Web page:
So why the hell are people putting themselves through this ordeal?

Many claim profound mental effects, often experiencing a transformative occurrence that provides clarity and healing. Auditory and visual hallucinations are common, with reports of geometric shapes and sharp, bold colors. Many report intense out-of-body experiences, an altered sense of time and space or ego dissolution (“ego death”).

Studies have indicated long-term effects in people who use DMT. Some report a reduction in symptoms of depression or anxiety.

Subjects in an observational study showed significant reductions in stress after participating in an ayahuasca ceremony, with effects lasting through the 4-week follow-up period.

Subjects also showed improvements in convergent thinking that were still evident at the 4-week follow up. People who consume DMT generally chronicle improvements in their overall satisfaction of life, and claim they are more mindful and aware after the experience.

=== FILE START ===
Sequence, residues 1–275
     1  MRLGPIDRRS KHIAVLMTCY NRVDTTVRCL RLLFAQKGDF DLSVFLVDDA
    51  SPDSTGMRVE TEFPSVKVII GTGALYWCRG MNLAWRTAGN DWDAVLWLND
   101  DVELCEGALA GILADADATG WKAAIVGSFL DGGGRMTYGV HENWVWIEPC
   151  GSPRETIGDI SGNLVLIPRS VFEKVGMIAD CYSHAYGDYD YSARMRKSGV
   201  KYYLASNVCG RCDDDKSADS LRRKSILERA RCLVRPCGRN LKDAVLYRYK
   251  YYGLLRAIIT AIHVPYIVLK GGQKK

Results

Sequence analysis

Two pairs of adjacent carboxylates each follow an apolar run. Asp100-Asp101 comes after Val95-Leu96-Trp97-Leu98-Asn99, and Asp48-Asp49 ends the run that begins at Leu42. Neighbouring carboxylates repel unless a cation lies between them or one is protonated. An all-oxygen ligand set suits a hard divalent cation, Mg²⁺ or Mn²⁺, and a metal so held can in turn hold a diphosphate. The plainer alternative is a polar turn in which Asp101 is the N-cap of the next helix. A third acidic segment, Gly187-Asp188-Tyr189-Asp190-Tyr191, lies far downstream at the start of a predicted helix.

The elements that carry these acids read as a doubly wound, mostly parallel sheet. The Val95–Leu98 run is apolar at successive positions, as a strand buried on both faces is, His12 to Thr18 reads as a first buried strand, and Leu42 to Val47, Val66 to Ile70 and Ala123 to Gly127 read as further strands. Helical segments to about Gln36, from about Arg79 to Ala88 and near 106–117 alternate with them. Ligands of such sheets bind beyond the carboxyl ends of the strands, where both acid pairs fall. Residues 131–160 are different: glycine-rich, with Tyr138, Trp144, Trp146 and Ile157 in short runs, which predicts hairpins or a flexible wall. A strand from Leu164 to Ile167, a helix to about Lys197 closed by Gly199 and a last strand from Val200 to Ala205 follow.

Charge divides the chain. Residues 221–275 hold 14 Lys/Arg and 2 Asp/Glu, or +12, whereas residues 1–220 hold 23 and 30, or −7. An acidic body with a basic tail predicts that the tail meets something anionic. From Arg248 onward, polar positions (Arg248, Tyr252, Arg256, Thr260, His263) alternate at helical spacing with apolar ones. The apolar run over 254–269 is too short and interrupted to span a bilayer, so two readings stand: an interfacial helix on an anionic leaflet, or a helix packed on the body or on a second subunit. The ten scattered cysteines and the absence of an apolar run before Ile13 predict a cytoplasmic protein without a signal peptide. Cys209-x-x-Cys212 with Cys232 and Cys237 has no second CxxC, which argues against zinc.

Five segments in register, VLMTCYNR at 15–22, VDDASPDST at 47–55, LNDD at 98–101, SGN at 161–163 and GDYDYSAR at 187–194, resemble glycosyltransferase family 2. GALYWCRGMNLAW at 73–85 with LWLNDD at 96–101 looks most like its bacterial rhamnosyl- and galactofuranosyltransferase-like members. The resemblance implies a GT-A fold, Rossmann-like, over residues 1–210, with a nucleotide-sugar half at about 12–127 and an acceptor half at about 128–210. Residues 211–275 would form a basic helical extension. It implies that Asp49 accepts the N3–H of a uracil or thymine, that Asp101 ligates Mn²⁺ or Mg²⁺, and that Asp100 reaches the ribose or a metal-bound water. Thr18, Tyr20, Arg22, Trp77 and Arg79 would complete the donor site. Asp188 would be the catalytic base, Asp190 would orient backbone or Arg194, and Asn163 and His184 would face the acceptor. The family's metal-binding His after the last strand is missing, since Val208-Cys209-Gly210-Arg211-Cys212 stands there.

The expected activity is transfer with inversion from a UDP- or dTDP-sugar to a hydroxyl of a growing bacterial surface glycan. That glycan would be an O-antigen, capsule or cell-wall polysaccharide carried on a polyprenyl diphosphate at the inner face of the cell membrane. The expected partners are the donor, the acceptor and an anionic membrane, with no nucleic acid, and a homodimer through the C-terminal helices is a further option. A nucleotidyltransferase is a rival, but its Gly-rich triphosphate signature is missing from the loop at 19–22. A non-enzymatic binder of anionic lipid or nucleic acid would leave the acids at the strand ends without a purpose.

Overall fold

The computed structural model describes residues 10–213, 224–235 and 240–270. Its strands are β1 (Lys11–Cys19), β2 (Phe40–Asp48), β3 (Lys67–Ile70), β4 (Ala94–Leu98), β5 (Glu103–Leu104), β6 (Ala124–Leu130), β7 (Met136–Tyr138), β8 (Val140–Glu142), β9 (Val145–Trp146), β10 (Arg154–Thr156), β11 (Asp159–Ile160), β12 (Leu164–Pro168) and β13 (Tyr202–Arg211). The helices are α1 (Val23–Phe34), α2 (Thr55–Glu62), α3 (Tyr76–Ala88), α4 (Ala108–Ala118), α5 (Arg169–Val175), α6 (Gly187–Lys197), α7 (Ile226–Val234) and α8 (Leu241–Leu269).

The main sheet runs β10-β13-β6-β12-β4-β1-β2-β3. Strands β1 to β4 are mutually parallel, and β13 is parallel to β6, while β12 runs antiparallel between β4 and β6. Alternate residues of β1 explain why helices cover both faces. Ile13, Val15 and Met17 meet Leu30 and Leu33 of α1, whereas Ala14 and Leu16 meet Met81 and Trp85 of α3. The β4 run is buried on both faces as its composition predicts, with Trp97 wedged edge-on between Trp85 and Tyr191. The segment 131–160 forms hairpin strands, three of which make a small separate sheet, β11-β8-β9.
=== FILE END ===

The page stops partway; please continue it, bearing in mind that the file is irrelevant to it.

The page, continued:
It’s important to note that dying from ayahuasca is rarely reported, but that doesn’t rule out the risk. It’s also illegal in the states, explaining why groups flock to Peru to visit licensed ayahuasca retreats or why technologists buy DMT on the dark web to avoid detection.

For those considering a DMT journey (and we don’t recommend it based on the illegal nature and health risks), it’s critical to gain a full understanding of the potential risks prior to consumption.

For more reading:

This story was first published here in June, 2019.